Here people actually react to what I post and write. And they react to the best possible interpretation of what I wrote, not the worst. And even if we disagree, we can still have a nice conversation.

Does anyone have a good theory about why the threadiverse is so much friendlier? Is it only because it’s smaller? Is it because of the kind of people a new platform like this attracts? Because there is no karma? Maybe something else?

Did I miss something? Or is this still about Beehaw?

Hungarian here. It is safe to drink without boiling. People only boil water for baby formula to be extra safe.

This describes 99% of AI startups.

The company I work for was considering using Mendable for AI-powered documentation search. I built a prototype using OpenAI embeddings and GPT-3.5 that was just as good as their product in a day. They didn’t buy Mendable :)

First, thank you for the detailed response.

Second, I think you finally convinced me to delete my FB. I will link to this comment wherever possible to show people what a terrible company Meta is.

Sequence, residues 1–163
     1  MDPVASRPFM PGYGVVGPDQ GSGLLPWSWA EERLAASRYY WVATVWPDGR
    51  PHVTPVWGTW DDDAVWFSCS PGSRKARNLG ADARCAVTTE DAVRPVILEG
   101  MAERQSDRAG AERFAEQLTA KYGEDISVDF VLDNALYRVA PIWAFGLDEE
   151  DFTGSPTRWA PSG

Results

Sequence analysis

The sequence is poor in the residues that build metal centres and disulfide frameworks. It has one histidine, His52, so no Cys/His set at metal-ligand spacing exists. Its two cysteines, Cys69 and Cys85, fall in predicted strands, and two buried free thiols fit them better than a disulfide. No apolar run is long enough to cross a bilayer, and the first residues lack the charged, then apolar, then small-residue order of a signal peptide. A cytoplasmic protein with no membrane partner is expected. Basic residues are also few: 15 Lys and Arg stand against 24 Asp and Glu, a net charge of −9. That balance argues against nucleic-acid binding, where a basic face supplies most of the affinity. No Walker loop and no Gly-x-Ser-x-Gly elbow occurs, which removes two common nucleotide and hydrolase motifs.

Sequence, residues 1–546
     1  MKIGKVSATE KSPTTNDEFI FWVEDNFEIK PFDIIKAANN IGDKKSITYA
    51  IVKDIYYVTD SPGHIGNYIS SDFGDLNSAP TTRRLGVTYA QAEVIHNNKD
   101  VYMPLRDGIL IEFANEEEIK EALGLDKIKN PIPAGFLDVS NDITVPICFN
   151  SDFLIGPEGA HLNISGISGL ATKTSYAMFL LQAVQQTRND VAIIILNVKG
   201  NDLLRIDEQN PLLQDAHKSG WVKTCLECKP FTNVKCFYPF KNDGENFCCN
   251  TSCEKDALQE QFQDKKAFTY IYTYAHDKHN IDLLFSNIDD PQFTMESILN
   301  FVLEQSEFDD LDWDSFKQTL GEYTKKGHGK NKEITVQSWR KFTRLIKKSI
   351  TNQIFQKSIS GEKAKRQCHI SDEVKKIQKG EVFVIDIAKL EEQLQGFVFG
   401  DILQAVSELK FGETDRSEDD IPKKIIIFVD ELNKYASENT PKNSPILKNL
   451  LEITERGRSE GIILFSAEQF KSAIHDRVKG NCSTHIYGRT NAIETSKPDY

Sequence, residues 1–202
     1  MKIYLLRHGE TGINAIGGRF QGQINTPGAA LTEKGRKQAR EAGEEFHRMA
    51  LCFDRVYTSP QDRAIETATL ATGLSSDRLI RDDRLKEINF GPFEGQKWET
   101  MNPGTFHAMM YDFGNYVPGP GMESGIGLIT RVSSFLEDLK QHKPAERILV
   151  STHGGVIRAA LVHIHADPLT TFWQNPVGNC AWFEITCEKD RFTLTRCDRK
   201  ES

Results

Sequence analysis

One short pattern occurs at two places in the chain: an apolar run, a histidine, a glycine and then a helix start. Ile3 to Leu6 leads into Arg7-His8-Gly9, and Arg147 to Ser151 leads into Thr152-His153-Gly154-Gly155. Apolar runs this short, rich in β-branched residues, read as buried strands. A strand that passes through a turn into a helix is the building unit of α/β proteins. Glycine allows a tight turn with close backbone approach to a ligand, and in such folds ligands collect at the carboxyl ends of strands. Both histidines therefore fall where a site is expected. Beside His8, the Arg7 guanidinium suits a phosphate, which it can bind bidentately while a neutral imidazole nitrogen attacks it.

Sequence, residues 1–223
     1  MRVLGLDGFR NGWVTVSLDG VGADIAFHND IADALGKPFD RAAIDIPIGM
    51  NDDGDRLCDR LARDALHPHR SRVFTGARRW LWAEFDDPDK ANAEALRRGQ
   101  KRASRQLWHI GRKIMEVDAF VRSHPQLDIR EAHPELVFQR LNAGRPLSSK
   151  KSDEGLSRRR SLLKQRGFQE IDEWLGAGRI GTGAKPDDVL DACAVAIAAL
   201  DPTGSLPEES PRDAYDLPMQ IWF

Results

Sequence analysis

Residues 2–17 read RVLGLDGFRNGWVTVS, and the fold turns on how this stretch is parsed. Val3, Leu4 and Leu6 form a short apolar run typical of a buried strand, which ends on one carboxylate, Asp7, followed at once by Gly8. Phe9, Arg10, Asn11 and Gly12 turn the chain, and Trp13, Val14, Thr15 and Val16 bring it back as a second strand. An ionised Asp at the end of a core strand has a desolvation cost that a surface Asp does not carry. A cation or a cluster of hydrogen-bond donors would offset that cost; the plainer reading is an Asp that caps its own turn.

Good humor is based on reality

After all, they said we need quality content to attract new users

I’m the author of that bot. It will have an opt-out option, I implemented it as soon as someone suggested it:


Don’t spread sensationalist lies.

Oh wow, I’ve just realized it was OP I talked to in the comments. I immediately replied to their suggestion. What a clown 🤡

Finally I could get into the beta and all I can say is wow, I’m in love with this app 🤩

Keep up the good work!

I have a question. If these were the final results (in descending order of votes):

  • x1 votes for UBP icons for non-language-specific communities
  • y1 votes for UBP everywhere
  • y2 votes for colorful UBP everywhere
  • x2 votes for colorful UBP icons for non-language-specific communities
  • z votes for no UBP icons